subject from 7110 Hillandale Road #12 was selling
marijuana from the apartment, and had a large quantity [of]
marijuana inside the apartment. With this information
members of the Tactical Operations Bureau conducted an
The application then recited the events that occurred after the officers
arrived at the apartment.
The application also had a standard
“informant’s attachment” with all boxes checked, but no specifics
Based upon this application, a magistrate approved the requested
search warrant. However, in doing so, the magistrate specifically crossed
out the “informant’s attachment.” The magistrate also wrote “none” as to
whether there had been reliance on information supplied by a
After obtaining the warrant, the officers performed a full search of
the apartment and discovered almost five pounds of marijuana, a grow
operation in a bedroom closet with six live plants and a dead plant on a
paraphernalia. No drug tax stamps were attached to the marijuana or
Watts was subsequently charged by trial information with two
counts of possession with the intent to deliver in violation of Iowa Code
section 124.401(1)(d), two counts of failure to affix drug tax stamps in
violation of Iowa Code section 453B.12, and one count of possession of
drug paraphernalia in violation of Iowa Code section 124.414 (2009).
On July 17, 2009, Watts filed a motion to suppress, arguing “the
search without a warrant was without consent, probable cause or exigent
attachment appears to be an outdated form, not the current form set forth
in Iowa R. Crim. P. 2.36 – Form 2.
circumstances, and the search pursuant to a warrant was on
information . . . without probabl[e] cause or in the alternative was based
on information obtained by the prior unlawful search without a warrant.”
On August 19, 2009, a hearing on the motion to suppress was
held. Officer Proehl was the only witness to testify, and he described the
foregoing events. The district court denied the motion to suppress.
Watts waived his right to a jury trial and proceeded to a bench trial
on the minutes of testimony. The district court found Watts guilty on all
five charges. Watts was sentenced to five years imprisonment on each of
the possession with the intent to deliver charges and the drug stamp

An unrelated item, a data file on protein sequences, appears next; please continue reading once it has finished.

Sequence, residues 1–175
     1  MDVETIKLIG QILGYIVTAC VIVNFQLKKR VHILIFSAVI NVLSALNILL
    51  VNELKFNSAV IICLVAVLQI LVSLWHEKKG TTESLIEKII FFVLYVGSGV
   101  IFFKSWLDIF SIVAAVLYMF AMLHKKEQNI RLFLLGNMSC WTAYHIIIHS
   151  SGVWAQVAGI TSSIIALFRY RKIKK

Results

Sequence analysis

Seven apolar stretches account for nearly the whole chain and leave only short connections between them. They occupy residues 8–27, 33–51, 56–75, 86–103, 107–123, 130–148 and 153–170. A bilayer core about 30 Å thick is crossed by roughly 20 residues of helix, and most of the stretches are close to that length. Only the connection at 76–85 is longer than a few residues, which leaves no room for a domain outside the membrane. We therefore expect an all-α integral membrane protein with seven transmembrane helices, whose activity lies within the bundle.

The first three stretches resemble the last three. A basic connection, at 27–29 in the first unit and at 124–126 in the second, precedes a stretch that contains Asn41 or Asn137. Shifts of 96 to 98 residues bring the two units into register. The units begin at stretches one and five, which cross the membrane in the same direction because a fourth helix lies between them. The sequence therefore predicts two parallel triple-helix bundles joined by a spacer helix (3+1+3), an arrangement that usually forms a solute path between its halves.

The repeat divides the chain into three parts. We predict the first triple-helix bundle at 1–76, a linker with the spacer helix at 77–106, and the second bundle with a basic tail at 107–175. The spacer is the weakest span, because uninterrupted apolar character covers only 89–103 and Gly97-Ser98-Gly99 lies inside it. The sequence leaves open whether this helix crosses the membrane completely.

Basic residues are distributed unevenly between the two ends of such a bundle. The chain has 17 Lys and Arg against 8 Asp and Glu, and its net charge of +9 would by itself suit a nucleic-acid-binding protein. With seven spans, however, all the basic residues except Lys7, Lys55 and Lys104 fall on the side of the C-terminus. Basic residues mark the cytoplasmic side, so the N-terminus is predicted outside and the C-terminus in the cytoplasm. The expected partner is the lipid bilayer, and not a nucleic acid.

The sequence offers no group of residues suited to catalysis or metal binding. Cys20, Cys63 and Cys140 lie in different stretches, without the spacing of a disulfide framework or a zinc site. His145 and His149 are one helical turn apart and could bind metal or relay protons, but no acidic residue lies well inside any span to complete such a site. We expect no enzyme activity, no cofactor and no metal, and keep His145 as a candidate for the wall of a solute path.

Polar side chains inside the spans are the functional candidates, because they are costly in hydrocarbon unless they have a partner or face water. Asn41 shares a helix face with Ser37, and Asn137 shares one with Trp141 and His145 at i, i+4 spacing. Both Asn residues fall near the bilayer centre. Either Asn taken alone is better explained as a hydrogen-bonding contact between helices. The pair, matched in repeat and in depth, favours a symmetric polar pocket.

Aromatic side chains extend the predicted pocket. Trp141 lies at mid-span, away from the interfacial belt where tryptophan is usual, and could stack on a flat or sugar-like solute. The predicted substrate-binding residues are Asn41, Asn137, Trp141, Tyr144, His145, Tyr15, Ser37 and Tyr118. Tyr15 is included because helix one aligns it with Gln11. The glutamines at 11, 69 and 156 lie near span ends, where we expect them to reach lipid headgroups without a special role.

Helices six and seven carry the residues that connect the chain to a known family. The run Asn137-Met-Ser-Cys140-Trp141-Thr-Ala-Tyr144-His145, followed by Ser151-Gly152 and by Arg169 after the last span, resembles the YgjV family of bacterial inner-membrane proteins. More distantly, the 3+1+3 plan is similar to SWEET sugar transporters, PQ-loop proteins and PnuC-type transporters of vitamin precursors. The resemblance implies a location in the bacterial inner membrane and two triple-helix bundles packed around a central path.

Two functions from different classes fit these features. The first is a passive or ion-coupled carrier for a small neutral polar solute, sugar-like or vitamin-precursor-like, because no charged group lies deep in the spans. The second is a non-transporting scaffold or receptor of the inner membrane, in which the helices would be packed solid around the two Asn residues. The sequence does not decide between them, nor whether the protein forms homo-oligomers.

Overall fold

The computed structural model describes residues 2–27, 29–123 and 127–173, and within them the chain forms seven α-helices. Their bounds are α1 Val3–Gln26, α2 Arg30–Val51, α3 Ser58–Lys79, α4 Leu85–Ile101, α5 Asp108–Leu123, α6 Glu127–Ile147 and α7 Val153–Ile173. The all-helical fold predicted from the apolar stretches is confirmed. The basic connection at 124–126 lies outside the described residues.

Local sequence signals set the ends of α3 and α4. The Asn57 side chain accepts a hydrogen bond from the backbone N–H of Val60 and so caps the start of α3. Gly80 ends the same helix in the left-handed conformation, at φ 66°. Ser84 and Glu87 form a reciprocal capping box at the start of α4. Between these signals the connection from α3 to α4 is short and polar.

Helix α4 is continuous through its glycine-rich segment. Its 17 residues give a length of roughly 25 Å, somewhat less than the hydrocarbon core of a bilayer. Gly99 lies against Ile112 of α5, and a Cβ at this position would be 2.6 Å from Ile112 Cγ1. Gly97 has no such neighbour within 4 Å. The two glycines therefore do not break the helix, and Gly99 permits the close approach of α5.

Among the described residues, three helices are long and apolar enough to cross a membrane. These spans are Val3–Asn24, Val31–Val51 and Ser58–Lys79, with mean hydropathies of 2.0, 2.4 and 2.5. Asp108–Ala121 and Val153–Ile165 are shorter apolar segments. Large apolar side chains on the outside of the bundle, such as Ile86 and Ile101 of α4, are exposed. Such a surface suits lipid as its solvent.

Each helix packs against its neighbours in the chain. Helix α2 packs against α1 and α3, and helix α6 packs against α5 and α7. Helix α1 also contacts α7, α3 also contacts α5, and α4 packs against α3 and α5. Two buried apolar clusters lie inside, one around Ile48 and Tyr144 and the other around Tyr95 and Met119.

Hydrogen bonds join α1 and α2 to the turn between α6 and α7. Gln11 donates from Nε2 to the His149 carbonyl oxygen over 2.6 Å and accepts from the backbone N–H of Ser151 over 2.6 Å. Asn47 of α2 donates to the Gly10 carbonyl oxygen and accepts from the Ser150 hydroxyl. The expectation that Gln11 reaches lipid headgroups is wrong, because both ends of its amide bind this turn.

violations, all class “D” felonies, as well as thirty days on the drug
§§ 124.401(1)(d), 453B.12, 124.414(3). The district court suspended all
of the sentences and placed Watts on probation for five years. Watts now
appeals the denial of his motion to suppress. 2
II. Standard of Review.
Because this case concerns the constitutional right to be free from
unreasonable searches and seizures, our review of the district court’s
suppression ruling is de novo.
State v. Ochoa, 792 N.W.2d 260, 264
(Iowa 2010). We make an independent evaluation of the totality of the
circumstances as shown by the entire record. Id.
2Watts timely filed a notice of appeal, but did not seek discretionary review of his
misdemeanor conviction. See Iowa Code § 814.6(2)(d); Tyrrell v. Iowa Dist. Ct., 413
N.W.2d 674, 675 (Iowa 1987). However, when a defendant has improperly sought
review of a ruling by filing a notice of appeal rather than an application for discretionary
review, “the case shall not be dismissed, but shall proceed as though the proper form of
review had been requested.” Iowa R. App. P. 6.108. This court treats the defendant’s
notice of appeal as a request for discretionary review of his simple misdemeanor
conviction and grants the request. Iowa R. App. P. 6.106.
A. Initial Warrantless Entry.
We first consider whether the
initial warrantless entry into Watts’ apartment violated his constitutional
rights under the Fourth Amendment.
The Fourth Amendment of the
United States Constitution protects individuals against unreasonable
searches and seizures.
State v. Naujoks, 637 N.W.2d 101, 107 (Iowa
2001). In determining whether an exception to the warrant requirement
applies, “the court must assess a police officer’s conduct based on an
objective standard.” State v. Simmons, 714 N.W.2d 264, 272 (Iowa 2006).
Searches conducted without a warrant are per se unreasonable,
“subject only to a few specifically established and well-delineated
Katz v. United States, 389 U.S. 347, 357, 88 S. Ct. 507,
514, 19 L. Ed. 2d 576, 585 (1967); accord Reinier, 628 N.W.2d at 464.
These exceptions include: (1) search based on probable cause coupled
with exigent circumstances, (2) consent search, (3) search incident to a
lawful arrest, and (4) search of items in plain view. Naujoks, 637 N.W.2d
at 107. The State has the burden of proving “by a preponderance of the
evidence that a warrantless search falls within one of these exceptions.”
Id. at 107–08.
The State concedes it did not have a warrant when the officers
initially entered Watts’ apartment, but seeks to justify the warrantless
entry based upon exigent circumstances: “[W]arrants are generally
required to search a person’s home or his person unless ‘the exigencies
of the situation’ make the needs of law enforcement so compelling that